Gigabit Access Also Disrupts an ISP's Other Lower-Speed Offers

AT&T says it now is looking at building gigabit networks in up to 100 cities and towns nationwide, including 21 new major metropolitan areas.

The list of 21 candidate metropolitan areas includes Atlanta, Augusta, Charlotte, Chicago, Cleveland, Fort Worth, Fort Lauderdale, Greensboro, Houston, Jacksonville, Kansas City, Los Angeles, Miami, Nashville, Oakland, Orlando, San Antonio, San Diego, St. Louis, San Francisco, and San Jose.

AT&T now has committed to or is exploring 25 metro areas for gigabit networks , including the networks AT&T is building in Austin and Dallas, and the likely networks in Raleigh-Durham and Winston-Salem, N.C.

AT&T faces both strategic and tactic issues as it weighs what essentially are gigabit “spot upgrades.”

At a strategic level, AT&T has to avoid finding itself relegated essentially to the third choice in many markets, behind Google Fiber and a cable operator, as a desired provider of high speed access.

Up to a point, AT&T might also want to discourage Google Fiber building in its fixed network service footprint, and instead encourage Google Fiber to attack elsewhere.

But there are plenty of tactical issues as well. Keep in mind that for about the past year, AT&T has been touting its “Project VIP” upgrade program, promising many households access at 45 Mbps.

Now “U-verse with GigaPower” becomes the “headline offer,” with likely implications for the way AT&T packages all slower-speed offers as well. So far, AT&T has suggested it will price gigabit access at $70 a month if consumers allow AT&T to harvest usage data, and $80 a month otherwise.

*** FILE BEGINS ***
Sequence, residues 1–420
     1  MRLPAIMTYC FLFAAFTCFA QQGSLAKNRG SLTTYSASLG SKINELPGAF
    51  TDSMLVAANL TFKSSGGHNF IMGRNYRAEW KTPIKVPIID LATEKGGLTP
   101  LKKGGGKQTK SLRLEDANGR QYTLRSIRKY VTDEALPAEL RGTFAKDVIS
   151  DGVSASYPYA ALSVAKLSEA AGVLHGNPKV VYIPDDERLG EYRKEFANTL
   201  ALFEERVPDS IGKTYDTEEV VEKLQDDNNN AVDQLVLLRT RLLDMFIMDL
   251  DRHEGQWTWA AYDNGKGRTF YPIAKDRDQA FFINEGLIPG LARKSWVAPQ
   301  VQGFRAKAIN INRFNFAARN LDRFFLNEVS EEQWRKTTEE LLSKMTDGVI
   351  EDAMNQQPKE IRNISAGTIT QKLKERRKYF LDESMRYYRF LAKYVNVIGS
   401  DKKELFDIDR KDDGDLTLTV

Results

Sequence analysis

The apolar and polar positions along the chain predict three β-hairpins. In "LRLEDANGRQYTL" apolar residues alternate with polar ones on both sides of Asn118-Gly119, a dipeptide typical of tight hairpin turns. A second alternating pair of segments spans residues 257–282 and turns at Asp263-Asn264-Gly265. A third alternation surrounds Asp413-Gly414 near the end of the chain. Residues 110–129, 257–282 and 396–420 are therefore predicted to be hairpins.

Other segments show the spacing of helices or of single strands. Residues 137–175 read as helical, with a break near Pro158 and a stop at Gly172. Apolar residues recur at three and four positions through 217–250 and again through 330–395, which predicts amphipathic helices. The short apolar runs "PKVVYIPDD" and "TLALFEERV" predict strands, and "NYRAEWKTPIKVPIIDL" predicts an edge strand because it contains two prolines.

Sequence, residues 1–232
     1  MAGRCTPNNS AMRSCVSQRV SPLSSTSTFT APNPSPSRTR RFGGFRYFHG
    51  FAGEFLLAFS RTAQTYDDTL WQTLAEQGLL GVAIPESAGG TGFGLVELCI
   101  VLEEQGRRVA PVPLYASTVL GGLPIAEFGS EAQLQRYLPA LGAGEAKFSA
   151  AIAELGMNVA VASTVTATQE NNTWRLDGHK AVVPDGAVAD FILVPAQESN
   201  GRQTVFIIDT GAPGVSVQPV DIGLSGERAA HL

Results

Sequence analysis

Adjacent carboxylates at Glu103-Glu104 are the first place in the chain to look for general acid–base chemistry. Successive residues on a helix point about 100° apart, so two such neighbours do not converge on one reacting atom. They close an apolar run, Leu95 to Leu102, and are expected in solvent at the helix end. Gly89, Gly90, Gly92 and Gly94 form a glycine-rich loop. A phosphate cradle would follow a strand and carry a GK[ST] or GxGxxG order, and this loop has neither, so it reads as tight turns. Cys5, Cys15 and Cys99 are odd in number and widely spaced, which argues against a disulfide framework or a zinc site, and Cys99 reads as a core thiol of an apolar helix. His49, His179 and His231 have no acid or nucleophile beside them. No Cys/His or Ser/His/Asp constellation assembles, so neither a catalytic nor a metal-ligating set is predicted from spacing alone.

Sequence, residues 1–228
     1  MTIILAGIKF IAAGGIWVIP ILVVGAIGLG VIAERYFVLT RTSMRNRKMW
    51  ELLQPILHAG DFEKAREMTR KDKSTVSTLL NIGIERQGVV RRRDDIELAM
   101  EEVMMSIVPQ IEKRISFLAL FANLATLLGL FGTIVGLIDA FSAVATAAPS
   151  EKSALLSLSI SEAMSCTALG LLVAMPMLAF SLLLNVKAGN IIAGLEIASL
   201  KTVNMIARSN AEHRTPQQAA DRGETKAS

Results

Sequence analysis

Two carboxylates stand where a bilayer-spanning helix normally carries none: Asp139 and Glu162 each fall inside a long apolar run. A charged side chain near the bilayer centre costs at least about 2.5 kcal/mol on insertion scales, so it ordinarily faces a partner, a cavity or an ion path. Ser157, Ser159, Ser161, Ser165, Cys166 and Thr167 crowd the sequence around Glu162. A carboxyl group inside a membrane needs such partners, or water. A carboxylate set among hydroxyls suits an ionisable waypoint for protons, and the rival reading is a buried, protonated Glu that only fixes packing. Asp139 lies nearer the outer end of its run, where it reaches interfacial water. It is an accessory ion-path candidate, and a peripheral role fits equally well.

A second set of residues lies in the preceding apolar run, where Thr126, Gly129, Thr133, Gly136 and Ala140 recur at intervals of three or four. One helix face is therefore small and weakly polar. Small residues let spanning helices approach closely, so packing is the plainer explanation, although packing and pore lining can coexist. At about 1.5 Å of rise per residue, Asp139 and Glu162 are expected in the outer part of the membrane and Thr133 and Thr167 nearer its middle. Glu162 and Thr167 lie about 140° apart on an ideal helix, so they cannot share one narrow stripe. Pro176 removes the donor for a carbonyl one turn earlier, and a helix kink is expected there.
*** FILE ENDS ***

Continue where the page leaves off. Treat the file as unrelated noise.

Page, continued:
But that, like Google Fiber, is going to create new consumer expectations, namely that a gigabit service “should” cost about $70 to $80 a month. On a cost per Mbps basis, that has implications for the pricing of the U-Verse VIP service at 45 Mbps, for example.

At $70 a month, the implied price of 1 Mbps of speed is about seven cents. So the implied price of a 10-Mbps service would be 70 cents a month. A 45-Mbps service “should” cost about $3.15 a month.

And that illustrates a range of tactical issues AT&T will face if its GigaPower offer is offered more widely, namely the impact of the offer on all other AT&T high speed access offers. As consumers reset their expectations, ISPs including AT&T will face excruciating challenges adjusting their rate cards.

To be sure, gigabit offers also will create incentives for users to upgrade to gigabit speeds. But it will be quite a complex undertaking to adjust all access efforts to account for gigabit value-price offers.
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